In the first 10 months of this year, the central bank decreased the key interest rates, including base interest rate, discount rate and refinancing rate, five times, and cut the interest rate ceiling four times for a total reduction of 4-5 percent per annum.

Accordingly, the interest rate for the economy also fell around 13 percent per annum for prioritized sectors, such as the agricultural, exporting, and supporting industries, and small and medium enterprises.

As of September30, the proportion of loans with interest rates over 15 percent was 20.9 percent, down about 70 percent compared to July 15.

The interest rates offered by the group of five state commercial banks saw the sharpest falls, 91 percent compared to July 15.

Binh said, in terms of costs, as the deposit rate was relatively high in the past, at 15-17 percent per annum, it’s hard for local commercial banks to reduce the interest rate of old loans to 15 percent per annum.

So far, according to the central bank, the interest rates have dropped to approximately the same level as in 2007, before the global economic crisis, with depositing and lending rates reduced by 3-5 percent and 5-8 percent compared to the beginning of 2012.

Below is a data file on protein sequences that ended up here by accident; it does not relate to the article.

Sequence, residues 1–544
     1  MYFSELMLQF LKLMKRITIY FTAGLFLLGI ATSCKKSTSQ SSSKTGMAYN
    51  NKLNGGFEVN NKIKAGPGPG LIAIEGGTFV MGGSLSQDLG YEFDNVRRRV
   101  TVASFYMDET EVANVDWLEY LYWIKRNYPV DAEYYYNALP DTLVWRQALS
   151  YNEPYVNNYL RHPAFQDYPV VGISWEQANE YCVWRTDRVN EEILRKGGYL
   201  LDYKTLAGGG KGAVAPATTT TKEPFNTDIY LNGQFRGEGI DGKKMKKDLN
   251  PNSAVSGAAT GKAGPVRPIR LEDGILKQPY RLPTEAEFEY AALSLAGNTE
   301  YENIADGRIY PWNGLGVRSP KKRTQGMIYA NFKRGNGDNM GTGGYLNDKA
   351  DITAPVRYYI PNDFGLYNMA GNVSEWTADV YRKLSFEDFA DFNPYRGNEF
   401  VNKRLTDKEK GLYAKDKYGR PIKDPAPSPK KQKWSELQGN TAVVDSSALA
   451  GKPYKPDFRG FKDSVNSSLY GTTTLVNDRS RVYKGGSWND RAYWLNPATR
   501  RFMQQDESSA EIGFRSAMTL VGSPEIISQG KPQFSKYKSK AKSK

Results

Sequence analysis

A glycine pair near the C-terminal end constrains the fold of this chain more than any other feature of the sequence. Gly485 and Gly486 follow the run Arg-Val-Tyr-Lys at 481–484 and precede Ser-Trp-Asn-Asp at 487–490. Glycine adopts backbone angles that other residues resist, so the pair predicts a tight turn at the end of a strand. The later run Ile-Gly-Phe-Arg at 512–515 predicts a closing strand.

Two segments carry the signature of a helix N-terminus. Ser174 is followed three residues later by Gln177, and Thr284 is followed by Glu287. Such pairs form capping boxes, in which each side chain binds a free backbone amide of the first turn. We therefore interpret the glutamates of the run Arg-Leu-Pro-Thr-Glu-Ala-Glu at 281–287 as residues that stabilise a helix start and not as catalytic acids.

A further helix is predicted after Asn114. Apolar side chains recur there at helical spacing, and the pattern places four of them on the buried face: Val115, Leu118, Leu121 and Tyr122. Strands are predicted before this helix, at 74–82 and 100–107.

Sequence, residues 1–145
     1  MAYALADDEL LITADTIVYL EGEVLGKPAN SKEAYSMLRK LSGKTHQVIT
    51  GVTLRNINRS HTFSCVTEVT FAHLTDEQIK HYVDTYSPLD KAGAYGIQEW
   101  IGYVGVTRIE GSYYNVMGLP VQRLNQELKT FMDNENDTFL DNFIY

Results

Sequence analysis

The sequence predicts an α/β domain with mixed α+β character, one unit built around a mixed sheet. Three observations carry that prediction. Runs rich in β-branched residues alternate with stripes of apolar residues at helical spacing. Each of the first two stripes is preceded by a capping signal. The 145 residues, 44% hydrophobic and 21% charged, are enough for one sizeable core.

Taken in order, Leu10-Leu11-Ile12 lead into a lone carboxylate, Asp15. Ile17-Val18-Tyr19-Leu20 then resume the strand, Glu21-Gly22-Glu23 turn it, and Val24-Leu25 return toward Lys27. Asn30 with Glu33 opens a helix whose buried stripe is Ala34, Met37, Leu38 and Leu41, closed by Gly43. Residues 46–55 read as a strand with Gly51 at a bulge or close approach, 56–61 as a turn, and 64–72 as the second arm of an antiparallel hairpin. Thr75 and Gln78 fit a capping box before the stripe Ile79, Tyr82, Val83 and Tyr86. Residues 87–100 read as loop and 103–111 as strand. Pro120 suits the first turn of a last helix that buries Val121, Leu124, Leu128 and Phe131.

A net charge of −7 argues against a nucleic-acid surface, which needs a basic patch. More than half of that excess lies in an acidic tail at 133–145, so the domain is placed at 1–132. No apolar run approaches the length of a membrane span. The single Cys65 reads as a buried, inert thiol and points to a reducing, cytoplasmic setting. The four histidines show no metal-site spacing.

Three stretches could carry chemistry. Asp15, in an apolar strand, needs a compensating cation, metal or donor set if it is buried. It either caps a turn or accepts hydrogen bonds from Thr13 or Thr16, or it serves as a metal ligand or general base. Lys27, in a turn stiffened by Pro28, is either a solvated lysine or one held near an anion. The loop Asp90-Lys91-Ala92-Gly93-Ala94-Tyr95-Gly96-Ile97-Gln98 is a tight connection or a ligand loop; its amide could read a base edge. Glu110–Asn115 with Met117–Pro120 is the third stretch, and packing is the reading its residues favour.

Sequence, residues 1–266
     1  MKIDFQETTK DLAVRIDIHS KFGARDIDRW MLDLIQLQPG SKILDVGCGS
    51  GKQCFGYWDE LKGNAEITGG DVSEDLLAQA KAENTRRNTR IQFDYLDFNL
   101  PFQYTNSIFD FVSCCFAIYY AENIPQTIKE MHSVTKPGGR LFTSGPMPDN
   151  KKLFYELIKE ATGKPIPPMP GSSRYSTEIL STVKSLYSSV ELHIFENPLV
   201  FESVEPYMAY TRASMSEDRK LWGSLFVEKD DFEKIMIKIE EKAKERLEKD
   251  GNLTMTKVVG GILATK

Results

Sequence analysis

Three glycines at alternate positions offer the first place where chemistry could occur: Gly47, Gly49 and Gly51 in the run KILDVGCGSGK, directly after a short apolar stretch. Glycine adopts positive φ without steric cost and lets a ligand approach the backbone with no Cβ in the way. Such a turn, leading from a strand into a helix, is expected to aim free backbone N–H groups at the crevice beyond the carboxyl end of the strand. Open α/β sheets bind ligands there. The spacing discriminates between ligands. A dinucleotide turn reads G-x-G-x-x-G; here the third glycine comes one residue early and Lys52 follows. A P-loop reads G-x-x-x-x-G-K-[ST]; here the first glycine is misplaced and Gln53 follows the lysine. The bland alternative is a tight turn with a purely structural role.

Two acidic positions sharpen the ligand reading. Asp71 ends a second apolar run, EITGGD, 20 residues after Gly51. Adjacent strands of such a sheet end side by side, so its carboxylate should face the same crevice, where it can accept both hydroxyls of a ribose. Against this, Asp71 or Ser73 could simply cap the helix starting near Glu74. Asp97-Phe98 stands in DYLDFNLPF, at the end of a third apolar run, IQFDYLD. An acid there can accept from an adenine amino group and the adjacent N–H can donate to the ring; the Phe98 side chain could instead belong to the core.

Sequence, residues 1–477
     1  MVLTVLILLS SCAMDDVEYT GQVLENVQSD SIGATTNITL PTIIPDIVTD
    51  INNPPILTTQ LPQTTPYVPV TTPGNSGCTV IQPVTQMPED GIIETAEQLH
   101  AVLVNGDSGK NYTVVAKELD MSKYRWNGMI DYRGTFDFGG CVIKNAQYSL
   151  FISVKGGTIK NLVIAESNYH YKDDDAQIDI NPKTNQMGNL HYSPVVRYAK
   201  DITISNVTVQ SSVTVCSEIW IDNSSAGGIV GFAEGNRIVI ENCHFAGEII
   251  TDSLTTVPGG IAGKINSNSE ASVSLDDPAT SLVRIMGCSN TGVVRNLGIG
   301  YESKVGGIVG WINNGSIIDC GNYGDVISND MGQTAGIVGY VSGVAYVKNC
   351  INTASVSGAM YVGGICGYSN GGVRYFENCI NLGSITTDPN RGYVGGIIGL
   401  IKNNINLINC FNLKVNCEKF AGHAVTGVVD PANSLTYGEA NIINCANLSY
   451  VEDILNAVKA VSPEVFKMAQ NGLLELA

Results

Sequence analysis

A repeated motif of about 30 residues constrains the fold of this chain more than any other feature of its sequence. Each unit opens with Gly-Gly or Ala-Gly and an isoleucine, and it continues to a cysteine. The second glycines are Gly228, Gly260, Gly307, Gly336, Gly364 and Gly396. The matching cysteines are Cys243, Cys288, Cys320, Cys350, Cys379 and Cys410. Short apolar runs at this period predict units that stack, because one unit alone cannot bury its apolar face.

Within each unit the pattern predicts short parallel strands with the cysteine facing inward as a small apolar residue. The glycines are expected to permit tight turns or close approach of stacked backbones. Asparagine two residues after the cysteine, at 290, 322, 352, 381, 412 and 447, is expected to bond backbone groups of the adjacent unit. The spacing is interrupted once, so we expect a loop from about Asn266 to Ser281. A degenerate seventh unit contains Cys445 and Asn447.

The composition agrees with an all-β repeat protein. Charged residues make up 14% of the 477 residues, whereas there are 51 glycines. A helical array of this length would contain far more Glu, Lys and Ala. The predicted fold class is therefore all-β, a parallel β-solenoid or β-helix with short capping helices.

The common lending rate for prioritized sectors is hovering around 9-13 percent per annum, while that for other businesses and consumption is at 12 -15 percent per annum.

After five months of reductions, credit growth has rebounded since June, reaching 2.45 percent as of September compared to the end of 2011.

Credit growth for the priority areas is higher than the overall credit growth to the economy, especially credit for the agricultural and rural sector (9.57 percent) and exports (10.76 percent).